WEATHERBY: And you’ve gone across genres.

TEGAN QUIN: Yeah, like, Against Me! and Fences, like you mentioned, or Jim Ward from Sparta or At The Drive-In. You want to learn new stuff and you want to collaborate with new people. There are all these really good reasons for doing it, but also you really just do it because you like people. Some of my favorite collaborations have been with unknown artists. Like Sara did a collaboration with this band, The Reason, in Canada and it’s an amazing song! And the video is hysterical, the lead singer is like 6’4″, and Sara is so tiny. Or Astronautalis, that day shooting the video for “Contrails,” I didn’t even have my driver’s license and I was driving all over North Vancouver. It’s an experience, and I love that part of it.

WEATHERBY: With all the touring you’ve done over the years, how do you bring the same passion and energy to all your shows?

TEGAN QUIN: Even when I’m not feeling capable of playing my A game I just remember 2002 or 1999 or 2005, and I’m like, “God things are so much better, this is so awesome,” and I try to keep that in the forefront of my mind. We have an incredible fan base who are insane and amazing and travel from all over and see five billion shows and scream and sing along to every song, I just focus on them.

WEATHERBY: Have there been a few performances that really resonated with you?

SARA QUIN: A lot of the shows, you’re just standing on the open stage and they pan the camera over, and you start when they say, “And Tegan and Sara!” But on Leno, the curtain is closed. And there was something about it, where you can’t see what’s about to happen; and I had this reflex of anxiety that I don’t associate with performing at all, I can only explain it as out-of-body. I really felt as though I could truly understand how substantial it was that I was a person who had sat in a room and watched Leno my whole life, and it was like I could be in both places at once. For one second I was able to just be lifted and able to take in the gravity of it. It was really profound, and I still think about it.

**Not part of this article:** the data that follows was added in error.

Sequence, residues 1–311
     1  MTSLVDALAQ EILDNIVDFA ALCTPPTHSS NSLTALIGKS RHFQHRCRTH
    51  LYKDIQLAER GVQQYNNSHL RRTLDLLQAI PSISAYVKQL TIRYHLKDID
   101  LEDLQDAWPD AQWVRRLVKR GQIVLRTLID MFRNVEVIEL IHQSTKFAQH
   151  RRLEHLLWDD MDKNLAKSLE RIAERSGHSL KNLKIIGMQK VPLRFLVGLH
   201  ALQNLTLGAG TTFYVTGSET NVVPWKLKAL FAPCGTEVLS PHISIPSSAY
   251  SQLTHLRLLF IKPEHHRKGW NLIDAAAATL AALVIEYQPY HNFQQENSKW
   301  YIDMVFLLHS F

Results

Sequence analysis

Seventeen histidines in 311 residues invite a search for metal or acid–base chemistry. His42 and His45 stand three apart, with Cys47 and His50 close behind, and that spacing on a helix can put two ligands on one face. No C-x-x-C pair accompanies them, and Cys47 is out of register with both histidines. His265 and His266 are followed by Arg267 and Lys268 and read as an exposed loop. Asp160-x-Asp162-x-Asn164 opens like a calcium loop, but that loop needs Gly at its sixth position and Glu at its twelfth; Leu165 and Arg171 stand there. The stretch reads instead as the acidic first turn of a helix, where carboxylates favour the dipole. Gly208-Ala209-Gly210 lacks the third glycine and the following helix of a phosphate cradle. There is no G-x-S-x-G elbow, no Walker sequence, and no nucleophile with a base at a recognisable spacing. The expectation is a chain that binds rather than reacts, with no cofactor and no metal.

TEGAN QUIN: Recently we played in New York, at the Bowery, and after we played a new song called “Now I’m All Messed Up,” the crowd just kept clapping. We were ready to start the next song, and they just kept going. I’m sure the whole thing only lasted 30 seconds, but 30 seconds on stage, in human time, is like two and a half minutes. And they just kept cheering. It’s so New York, to get it. They really fucking got it in a moment, and it was this connection where it didn’t even feel like they were clapping for the song; they were clapping for us. I know that sounds like a silly thing to say, but they were truly clapping about the performance and the essence of that song, and there was a moment where it really validated the whole record for me.

SARA QUIN: With this record, it was sort of like, I want to blow people’s hair back in every room. I want people to be like, “God damn, that was good!” I don’t want it to be like, “You know, that didn’t really translate.” I want it to be like, “It translated.”